I have done my share of worrying about the fall semester. There are many things that I don’t have control over and this can be very challenging in the midst of a pandemic. The uncertainty makes it difficult to focus on planning for the fall semester. The more I read about teaching during this crisis, the more uncertain I become about what to do. I feel a little paralyzed exactly where to begin. That is how I felt until this week.
As a CPLC faculty affiliate, I could choose to participate in a 4-week workshop as a mentor for stipend faculty engaging in this work. My role is to facilitate weekly small group discussion conversations with 4 faculty and review their guided self-assessments at the end of the workshop. I decided that I would complete the workshop activities along with the participants, as I thought it would help me to facilitate these conversations with my small group as well as help me with my planning for the fall.
The professional development focuses on the ACE Framework developed by Robin DeRosa and the staff at the CoLab on campus. This guidance helps faculty to consider how to prepare courses in the midst of the pandemic around three key elements: adaptability, connection, and equity. The goal is to help faculty focus on pedagogy while supporting students during this crisis. In a recent article for Inside Higher Ed , DeRosa provides an overview of this framework. She writes, “What matters most is that we focus teaching and learning on, well, teaching and learning, and that during a time of crisis, instead of abandoning our missions to a superficial set of patchwork technologies, we dig deeper to stay true to our commitment to our core values in higher education.” So far, I feel that this framework is helping me work on these important goals.
In our first week, we are exploring the element of adaptability. The activities focus on assignment level considerations (flexible deadlines and student design & choice) and course level considerations (HiFlex design and module based schedule). As I read through the materials and complete the activities, I realize that many of the ideas suggested are not new to me. I just haven’t thought about them in this way or with this much purpose. This ahh moment helped me very much this week as I began to apply the ideas to my design of one of my course for the fall, ER 3210: Assessment in Early Childhood.
I started by looking at my course objectives and the guiding questions that I use throughout the course. I looked for groups of questions/objectives that have potential for modules. I started to wonder what space would be best for each of this larger topics– face-to-face, online, either. I also thought about the sequence of these topics. Are there ideas that had to come at the beginning or are there topics that are more flexible, that could come at any point in the semester? This was a new question that I asked myself. Of course I have thought about the order of topics before, but I don’t think I really analyzed it at this level before. It made me ask myself, “Why?” This seemed like an important process and I found myself thinking about why I included certain elements in the course. How would these elements help students understand essential ideas about early childhood assessment? Below you can see part of this work and the questions I am still considering as I continue to work on these ideas.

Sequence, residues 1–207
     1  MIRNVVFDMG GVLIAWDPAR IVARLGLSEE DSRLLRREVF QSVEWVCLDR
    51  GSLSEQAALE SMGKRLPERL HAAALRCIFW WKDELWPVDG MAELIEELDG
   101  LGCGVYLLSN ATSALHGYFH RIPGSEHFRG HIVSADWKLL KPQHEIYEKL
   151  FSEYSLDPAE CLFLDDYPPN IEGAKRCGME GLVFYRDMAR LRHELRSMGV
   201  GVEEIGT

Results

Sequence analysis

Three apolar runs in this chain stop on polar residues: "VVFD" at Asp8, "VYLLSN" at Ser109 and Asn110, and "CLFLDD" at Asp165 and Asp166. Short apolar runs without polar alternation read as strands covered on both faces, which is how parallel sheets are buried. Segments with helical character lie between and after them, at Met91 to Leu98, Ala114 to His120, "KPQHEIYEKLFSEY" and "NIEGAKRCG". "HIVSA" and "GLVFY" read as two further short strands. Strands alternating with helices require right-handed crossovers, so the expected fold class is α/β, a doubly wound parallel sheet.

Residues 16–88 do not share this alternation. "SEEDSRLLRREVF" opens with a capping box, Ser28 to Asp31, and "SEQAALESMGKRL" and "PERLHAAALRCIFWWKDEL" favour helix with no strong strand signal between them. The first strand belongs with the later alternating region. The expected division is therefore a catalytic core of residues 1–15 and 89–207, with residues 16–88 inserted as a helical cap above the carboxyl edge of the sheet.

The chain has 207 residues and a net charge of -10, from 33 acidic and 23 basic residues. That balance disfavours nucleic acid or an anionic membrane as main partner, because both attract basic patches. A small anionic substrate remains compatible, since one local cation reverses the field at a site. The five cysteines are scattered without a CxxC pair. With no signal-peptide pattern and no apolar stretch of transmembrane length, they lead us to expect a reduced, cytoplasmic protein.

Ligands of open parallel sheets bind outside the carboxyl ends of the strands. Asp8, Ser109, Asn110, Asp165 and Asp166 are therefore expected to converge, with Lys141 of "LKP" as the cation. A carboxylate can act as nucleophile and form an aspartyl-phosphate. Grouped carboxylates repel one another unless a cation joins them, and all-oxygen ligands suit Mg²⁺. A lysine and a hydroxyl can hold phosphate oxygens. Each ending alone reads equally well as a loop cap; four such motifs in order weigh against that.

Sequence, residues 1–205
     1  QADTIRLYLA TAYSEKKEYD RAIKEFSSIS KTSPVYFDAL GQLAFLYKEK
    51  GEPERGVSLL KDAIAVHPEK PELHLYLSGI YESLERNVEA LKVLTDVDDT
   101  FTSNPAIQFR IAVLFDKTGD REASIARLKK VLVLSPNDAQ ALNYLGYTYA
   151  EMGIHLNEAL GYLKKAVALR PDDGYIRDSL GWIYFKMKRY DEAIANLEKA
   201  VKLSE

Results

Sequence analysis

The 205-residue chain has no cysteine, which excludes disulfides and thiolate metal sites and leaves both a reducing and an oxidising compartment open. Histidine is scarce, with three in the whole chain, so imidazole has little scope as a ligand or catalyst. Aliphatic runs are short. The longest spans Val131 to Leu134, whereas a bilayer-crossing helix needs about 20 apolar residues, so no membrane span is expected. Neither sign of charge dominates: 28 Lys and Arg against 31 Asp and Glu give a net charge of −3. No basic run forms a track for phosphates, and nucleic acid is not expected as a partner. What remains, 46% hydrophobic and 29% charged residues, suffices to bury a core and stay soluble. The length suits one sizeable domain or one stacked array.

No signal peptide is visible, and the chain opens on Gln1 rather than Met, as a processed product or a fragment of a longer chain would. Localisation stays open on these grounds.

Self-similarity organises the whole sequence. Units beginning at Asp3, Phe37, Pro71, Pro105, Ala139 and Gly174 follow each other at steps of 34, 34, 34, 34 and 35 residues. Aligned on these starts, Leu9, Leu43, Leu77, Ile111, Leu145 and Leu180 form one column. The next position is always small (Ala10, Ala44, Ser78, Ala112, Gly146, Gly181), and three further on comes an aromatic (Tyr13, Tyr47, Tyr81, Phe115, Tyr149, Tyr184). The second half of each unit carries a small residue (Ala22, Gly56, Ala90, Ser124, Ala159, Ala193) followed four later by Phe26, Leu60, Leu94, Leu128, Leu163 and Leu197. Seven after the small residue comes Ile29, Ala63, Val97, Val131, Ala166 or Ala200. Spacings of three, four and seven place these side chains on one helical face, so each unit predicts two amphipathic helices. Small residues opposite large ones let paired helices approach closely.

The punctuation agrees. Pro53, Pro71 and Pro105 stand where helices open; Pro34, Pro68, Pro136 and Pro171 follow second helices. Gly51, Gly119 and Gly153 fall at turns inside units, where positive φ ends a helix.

I also spent time this week considering the assignments for the course and how I could provide more student choice within activities. Another idea that I considered was the use of flexible deadlines. I hadn’t thought about assignments in this way before. I have provided students flexibility with submitting work but usually as a response to a request by a student. I really never thought about it as part of the design of the course. What if students decided what deadlines worked for them? What if each student created an assignment calendar? This really sparked my interest and I am thinking about how I might implement this idea with my students. Below you can see a snippet of my thinking about my assignments.
As you will see I am still in the midst of planning but I am feel for the first time a path. This work is getting me excited to focus on teaching and planning for the fall. Using the tools from the ACE workshop, I have a focus and this feels really good. Since the start of the pandemic, I feel that much of what I have done is react to the situation. The ACE framework is providing me with the opportunity to thoughtfully plan for the fall (something I always enjoyed prior to the crisis). I know that there is much that I will not have control over this fall but it feels good to make progress on the most important aspect of my job, teaching. My hope is this work will help students learn about the content, feel supported in the crisis, and provide us with the flexibility to make changes when necessary. I am excited what I will learn next week and how it will help me with my planning!